Resilience is the capacity of a system, be it an individual, a forest, a city or an economy, to deal with change and continue to develop. It is about how humans and nature can use shocks and disturbances like a financial crisis or climate change to spur renewal and innovative thinking. The integration of adaptation and mitigation responses can generate mutual benefits, as well as introduce co-benefits with development policies. In many cases, reducing the risk of climate change can enhance management of other risks, as well. According to IPCC, the scope for adaptation and resilience is decreasing with time, and it will be difficult to act once the limits to adaptation are crossed.
In developing countries, livelihoods and socioeconomic activities depend on climate sensitive sectors. Thus, developing countries are vulnerable to climate variability. Climate vulnerability coupled with poverty and increasing inequalities makes interventions important despite the challenges. Effects of climate change lead to decelerating development and less developed regions tend to have a weaker adaptive capacity and are more prone to climate impacts thus leading to a vicious cycle. To ensure a climate resilient development, it is crucial to consider issues that are complex, interconnected, and require interventions at the temporal and spatial levels. Five systems are crucial: (1) agriculture and food systems; (2) water; (3) health; (4) urban/ built environment; (5) natural ecosystems.
International initiatives largely focus on resilience of the built environment. For developing countries, it is also essential that there is a larger focus on systems with a larger bearing on livelihoods as well as socioeconomic implications such as agriculture & food systems and health along with natural ecosystems, water and urban systems. Although the role of the public sector is crucial, it is also important to augment the role of the private sector and incentivize their involvement in resilience including through nature based solutions.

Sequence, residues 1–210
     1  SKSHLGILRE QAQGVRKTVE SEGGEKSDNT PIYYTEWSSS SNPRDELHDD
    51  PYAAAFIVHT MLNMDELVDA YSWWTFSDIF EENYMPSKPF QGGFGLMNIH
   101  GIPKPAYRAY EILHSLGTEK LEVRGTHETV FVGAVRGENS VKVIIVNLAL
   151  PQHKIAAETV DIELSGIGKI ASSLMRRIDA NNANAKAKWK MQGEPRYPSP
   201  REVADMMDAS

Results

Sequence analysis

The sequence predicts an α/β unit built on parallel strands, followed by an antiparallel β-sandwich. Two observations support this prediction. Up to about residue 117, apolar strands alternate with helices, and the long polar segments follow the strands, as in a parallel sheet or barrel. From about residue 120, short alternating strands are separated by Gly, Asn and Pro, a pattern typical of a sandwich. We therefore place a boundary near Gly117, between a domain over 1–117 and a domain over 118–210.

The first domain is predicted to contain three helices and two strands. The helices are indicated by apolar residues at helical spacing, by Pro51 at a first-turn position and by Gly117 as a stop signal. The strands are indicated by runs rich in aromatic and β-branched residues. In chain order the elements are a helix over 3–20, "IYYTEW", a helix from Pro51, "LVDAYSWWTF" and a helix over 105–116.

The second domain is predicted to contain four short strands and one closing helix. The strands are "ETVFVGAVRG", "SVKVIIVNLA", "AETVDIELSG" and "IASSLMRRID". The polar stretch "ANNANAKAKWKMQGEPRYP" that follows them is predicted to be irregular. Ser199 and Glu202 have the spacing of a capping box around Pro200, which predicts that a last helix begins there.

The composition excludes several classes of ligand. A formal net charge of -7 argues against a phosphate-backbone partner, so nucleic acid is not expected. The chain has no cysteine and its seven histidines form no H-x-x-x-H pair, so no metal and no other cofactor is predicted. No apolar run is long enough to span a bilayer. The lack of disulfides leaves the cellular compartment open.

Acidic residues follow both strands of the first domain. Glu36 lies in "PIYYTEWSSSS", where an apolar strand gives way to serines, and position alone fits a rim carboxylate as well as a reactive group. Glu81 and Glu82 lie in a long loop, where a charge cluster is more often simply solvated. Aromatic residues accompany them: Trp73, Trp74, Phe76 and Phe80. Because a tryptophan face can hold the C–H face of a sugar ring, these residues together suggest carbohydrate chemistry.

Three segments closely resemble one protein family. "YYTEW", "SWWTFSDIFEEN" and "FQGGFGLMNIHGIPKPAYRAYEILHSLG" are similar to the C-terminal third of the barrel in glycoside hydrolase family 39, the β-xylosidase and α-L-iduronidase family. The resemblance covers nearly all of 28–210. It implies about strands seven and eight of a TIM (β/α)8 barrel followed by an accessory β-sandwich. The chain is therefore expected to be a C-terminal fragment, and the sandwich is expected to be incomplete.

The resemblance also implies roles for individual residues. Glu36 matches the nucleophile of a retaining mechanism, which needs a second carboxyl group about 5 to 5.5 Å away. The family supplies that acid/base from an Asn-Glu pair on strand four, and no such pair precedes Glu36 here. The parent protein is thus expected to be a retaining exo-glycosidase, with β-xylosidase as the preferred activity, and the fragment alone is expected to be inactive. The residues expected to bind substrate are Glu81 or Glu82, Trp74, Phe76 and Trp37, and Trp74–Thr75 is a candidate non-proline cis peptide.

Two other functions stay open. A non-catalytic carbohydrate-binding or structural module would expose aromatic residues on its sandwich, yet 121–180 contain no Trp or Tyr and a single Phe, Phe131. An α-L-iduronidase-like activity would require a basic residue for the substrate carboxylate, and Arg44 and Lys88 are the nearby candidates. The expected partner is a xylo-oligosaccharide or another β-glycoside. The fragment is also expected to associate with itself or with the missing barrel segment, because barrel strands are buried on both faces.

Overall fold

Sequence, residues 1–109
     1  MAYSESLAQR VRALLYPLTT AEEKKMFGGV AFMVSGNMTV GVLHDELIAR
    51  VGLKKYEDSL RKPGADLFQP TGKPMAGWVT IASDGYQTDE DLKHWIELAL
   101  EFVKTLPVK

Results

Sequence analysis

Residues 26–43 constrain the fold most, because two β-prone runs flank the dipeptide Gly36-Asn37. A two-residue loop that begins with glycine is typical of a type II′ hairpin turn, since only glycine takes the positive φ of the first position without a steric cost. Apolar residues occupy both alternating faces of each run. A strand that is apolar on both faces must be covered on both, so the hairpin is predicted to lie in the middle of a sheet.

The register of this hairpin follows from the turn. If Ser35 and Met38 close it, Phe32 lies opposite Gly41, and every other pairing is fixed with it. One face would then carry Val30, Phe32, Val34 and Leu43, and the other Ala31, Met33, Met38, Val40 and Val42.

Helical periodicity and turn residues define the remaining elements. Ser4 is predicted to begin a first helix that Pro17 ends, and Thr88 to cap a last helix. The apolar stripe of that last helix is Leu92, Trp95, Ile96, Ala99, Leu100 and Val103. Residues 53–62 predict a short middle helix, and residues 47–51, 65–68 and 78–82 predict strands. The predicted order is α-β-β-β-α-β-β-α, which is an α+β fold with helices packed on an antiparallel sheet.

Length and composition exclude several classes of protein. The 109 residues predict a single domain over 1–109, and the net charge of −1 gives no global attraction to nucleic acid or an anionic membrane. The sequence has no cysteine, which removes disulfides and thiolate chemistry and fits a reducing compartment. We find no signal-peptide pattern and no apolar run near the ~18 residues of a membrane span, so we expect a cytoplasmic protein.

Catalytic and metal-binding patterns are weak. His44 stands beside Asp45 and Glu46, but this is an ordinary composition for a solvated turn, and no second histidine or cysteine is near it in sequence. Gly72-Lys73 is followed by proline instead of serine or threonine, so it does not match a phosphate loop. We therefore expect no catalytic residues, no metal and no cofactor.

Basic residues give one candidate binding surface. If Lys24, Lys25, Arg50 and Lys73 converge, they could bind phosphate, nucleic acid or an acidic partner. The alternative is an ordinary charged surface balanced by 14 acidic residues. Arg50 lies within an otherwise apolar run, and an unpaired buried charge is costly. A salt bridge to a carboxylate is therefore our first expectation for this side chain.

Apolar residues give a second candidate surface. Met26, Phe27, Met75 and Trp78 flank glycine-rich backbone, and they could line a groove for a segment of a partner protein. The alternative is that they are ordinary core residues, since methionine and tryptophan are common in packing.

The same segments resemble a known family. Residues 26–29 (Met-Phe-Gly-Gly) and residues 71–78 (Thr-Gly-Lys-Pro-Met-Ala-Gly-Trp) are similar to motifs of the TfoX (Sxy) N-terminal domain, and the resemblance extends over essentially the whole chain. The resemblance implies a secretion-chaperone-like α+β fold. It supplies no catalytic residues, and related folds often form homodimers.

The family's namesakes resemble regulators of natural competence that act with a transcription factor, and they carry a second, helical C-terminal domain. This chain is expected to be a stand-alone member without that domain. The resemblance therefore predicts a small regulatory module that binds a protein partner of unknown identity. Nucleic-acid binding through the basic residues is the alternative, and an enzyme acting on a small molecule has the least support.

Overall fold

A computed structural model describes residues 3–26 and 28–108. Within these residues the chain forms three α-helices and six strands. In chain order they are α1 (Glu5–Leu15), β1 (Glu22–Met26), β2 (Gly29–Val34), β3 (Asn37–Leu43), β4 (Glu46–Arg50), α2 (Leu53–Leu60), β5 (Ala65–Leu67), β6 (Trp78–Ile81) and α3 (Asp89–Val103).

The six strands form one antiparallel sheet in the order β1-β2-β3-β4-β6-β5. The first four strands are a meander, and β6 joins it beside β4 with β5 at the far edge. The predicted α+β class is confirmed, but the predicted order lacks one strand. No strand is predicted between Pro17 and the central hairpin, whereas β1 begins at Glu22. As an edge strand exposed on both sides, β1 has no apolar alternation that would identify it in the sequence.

International cooperation is an important link to provide critical support to partner countries in the form of finance, technical know-how, as well as capacity building. The public and private sectors, civil society organisations, communities and households all play important roles in addressing these challenges to achieve climate-resilient development that benefits the most vulnerable. Developing countries require urgent access to long-term, affordable finance to implement climate-resilient recovery measures.
The session will involve a moderated discussion which will start with remarks (4–5 minutes) by the Chair/moderator. The Chair will then invite each speaker to deliver the Ministerial Address for 5–6 minutes. After this, a 15-minute rapid fire round will follow where the moderator/ chair asks 2 questions based on issues emerging from the discussions and asks for a ‘one sentence answer’ from all speakers in the panel. Strict time management is to be followed. There will be an on-screen timer for the same.
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